The accurate mass measurements (HRMS) were performed on a Waters SYNAPT G2 high-resolution mass spectrometry instrument equipped with an electrospray ionization interface and coupled to a Waters ACQUITY UPLC. Electrospray ionization in positive mode was applied in the mass scan range 50–1200 Da. The analysis was performed on a Waters ACQUITY UPLC BEH C18 column 100 × 2.1 mm ID (particle size 1.7 µm) with an in-line filter. The mobile phase was 0.1% formic acid in H2O and 0.1% formic acid in acetonitrile.
Fluorescence quantum yields were determined by the comparative method published by Williams et al. . The integrated fluorescence intensities of a known dye and the tested compound were compared and the fluorescence quantum yields were calculated using the following equation: Φx, where st and x denote the standard and test respectively, while Φ is the fluorescence quantum yield. Grad is the gradient obtained from the plot of integrated fluorescence intensity vs absorbance of the dye at the excitation wavelength. η represents the refractive index of the used solvents.
HeLa cells (obtained from a human cervix carcinoma) were cultured in Dulbecco’s modified Eagle’s medium (DMEM) (Life Technologies) supplemented with 10% fetal bovine serum (FBS) (Life Technologies), 100 IU/mL penicillin and 100 μg mL−1 (Life Technologies) in humidified atmosphere at 37 °C with 5% CO2. HeLa cells were passaged at 80% confluency and split 1:10 in fresh media and discontinued after passage 15.
Hela cells were plated on chambered coverglass (Thermo Scientific Nunc Lab-Tek II) and cultured overnight in the maintenance medium in humidified atmosphere at 37 °C with 5% CO2. Cells were incubated with 20 μg mL−1 of fluo-CNOs for 2, 5, 12, 24 and 48 h. As a control, the cells were left untreated (data not shown). After incubation, the cells were rinsed three times with phosphate buffered saline (PBS) (0.1 M, pH 7.4), fixed in a combination of paraformaldehyde (3%) and PBS and incubated with a solution of Hoechst 33342 (5 μg mL−1) (Sigma) for 20 min. Finally, the cells were rinsed three times and filled with PBS. Confocal fluorescence imaging was then carried out with a Nikon A1R laser scanning microscope and a plan apo 20× DIC M and a plan apo VC 60× oil DIC N2 objective. In order to switch the fluorescence on and off, the cells were incubated respectively with an acidic PBS solution (pH 4.5) and a basic PBS solution (pH 8.5) for 1 h before imaging.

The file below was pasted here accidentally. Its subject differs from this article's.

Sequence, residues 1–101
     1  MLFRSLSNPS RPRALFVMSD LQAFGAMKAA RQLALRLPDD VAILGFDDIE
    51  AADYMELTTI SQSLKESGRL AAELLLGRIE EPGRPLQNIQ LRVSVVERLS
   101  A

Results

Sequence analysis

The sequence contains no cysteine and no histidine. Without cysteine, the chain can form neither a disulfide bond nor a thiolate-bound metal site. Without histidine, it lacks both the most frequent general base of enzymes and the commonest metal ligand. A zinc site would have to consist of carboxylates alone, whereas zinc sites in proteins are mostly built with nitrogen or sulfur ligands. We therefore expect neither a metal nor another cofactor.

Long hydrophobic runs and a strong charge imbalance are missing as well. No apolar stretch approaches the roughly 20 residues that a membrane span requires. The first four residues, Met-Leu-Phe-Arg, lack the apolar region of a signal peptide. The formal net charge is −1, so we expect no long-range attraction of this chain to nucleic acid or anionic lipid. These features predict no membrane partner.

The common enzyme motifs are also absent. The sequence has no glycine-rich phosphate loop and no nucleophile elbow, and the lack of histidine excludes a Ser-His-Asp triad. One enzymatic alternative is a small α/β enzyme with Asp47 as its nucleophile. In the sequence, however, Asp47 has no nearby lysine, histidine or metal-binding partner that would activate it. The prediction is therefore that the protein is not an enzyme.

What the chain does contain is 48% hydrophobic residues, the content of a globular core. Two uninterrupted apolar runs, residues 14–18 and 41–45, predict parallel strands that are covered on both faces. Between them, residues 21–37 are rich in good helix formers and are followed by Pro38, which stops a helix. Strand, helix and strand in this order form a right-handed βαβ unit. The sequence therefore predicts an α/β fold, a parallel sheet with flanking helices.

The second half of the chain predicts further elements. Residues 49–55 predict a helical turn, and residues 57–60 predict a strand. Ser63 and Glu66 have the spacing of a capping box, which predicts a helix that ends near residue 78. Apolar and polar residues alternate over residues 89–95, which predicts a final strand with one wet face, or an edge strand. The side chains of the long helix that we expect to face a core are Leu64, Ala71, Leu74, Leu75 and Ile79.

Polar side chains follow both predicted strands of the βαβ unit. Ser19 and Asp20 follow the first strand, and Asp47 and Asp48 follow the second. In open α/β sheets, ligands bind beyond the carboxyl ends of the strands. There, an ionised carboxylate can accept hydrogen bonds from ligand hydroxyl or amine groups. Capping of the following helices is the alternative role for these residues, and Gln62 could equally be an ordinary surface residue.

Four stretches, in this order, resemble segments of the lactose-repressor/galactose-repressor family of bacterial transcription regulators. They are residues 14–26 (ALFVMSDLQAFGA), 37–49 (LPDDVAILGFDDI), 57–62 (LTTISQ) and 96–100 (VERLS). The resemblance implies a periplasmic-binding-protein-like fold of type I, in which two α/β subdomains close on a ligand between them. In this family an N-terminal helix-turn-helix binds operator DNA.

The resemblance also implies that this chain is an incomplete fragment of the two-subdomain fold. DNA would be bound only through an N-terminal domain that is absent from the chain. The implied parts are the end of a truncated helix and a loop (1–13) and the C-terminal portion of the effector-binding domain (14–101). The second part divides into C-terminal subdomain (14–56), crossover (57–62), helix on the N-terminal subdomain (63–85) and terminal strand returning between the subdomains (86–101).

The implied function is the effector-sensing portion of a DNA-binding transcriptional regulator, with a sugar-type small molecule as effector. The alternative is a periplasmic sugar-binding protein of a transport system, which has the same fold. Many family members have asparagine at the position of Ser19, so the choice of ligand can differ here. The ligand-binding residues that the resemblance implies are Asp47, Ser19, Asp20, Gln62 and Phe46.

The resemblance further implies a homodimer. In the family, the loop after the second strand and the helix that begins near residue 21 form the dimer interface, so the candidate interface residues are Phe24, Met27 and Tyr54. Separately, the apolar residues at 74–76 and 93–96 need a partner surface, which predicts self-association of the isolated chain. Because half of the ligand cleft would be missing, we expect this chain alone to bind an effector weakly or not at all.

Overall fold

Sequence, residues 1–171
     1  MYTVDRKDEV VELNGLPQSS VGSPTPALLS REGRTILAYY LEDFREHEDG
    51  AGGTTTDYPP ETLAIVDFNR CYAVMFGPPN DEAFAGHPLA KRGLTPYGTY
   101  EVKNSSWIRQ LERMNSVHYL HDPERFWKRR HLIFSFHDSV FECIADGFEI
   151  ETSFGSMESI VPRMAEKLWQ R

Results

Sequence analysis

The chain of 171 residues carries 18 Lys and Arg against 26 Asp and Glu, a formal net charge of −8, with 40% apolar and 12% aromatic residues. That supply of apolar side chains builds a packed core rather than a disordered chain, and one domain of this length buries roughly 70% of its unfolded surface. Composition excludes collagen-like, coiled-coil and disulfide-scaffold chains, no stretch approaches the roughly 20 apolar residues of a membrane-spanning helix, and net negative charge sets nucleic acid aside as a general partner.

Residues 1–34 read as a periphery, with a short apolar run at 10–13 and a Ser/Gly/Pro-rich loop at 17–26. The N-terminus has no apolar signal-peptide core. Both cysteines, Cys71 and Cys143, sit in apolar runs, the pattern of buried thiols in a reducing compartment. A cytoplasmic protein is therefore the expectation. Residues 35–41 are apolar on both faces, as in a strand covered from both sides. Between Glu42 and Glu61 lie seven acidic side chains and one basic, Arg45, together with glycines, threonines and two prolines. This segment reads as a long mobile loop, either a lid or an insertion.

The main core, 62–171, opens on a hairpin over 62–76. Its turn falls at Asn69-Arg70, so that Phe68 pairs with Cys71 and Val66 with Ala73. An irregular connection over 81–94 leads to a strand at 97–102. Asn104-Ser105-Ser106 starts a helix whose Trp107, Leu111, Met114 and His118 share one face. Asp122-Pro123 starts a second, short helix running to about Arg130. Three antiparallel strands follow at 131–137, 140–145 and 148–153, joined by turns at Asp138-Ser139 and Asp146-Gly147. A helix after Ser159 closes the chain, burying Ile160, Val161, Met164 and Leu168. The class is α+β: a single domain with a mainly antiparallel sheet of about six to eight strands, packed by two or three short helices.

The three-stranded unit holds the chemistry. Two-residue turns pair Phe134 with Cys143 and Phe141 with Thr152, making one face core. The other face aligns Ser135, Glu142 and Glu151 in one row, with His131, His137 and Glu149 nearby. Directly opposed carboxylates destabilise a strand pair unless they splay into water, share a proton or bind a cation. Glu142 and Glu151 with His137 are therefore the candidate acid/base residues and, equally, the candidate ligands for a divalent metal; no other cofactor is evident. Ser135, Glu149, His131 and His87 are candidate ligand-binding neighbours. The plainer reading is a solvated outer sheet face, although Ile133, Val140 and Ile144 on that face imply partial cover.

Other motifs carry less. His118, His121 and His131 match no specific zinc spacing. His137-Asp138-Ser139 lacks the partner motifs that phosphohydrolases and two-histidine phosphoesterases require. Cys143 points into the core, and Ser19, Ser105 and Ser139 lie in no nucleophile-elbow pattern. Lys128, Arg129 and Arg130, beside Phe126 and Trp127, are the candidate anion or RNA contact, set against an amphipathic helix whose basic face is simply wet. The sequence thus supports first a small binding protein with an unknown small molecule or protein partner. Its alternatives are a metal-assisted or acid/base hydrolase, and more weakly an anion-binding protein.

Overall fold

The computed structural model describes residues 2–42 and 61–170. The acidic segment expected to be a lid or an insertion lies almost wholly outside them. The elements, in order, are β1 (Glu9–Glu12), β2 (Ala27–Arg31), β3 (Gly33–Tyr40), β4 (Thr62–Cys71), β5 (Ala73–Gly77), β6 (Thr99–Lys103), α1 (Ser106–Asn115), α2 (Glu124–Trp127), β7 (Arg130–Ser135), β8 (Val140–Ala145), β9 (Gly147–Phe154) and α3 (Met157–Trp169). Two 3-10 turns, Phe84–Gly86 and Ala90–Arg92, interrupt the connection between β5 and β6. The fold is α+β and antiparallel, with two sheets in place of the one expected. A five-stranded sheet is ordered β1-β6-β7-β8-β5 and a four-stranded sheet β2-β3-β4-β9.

For the cytotoxicity assays, the cells were seeded at 5 × 104 cells in in 96-well plates and incubated overnight at 37 °C in a 5% CO2 humidified environment. Fluo-CNOs were suspended in DMEM culture medium at final concentrations of 1, 2, 5, 10 and 20 μg mL−1, followed by sonication for 10 min at 37 kHz. The cells were exposed to the different concentrations of fluo-CNO for 12, 24, 48 and 72 h. As a positive control for cytotoxicity, the cells were incubated with 5% DMSO. Cell viability was determined using the cell proliferation reagent WST-1 (Roche Applied Sciences). After aspiration of the culture medium, a mixture of DMEM and WST1 reagent (1/10 volume) was added to each well. After 2 h of incubation at 37 °C with 5% CO2, the absorbance at 450 nm was measured in a standard plate reader (VICTOR3 V Multilabel Readers, PerkinElmer) (690 nm reference wavelength). The viability of cells in each well was determined as a relative percentage to the control well. Data were reported as a mean of three replicates and the error bars were the results of the standard deviations of these replicates.
|Supporting Information File 1: Additional Experimental Data.|
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Istituto Italiano di Tecnologia is greatly acknowledged for funding. The authors wish to thank Dr. Andrea Armirotti for mass measurements (HRMS), Dr. Luca Goldoni for the support on NMR measurements and the Nanochemistry and the Nanophysics departments at IIT for the facilities support. SG would like to acknowledge the COST Action CA15107 (MultiComp).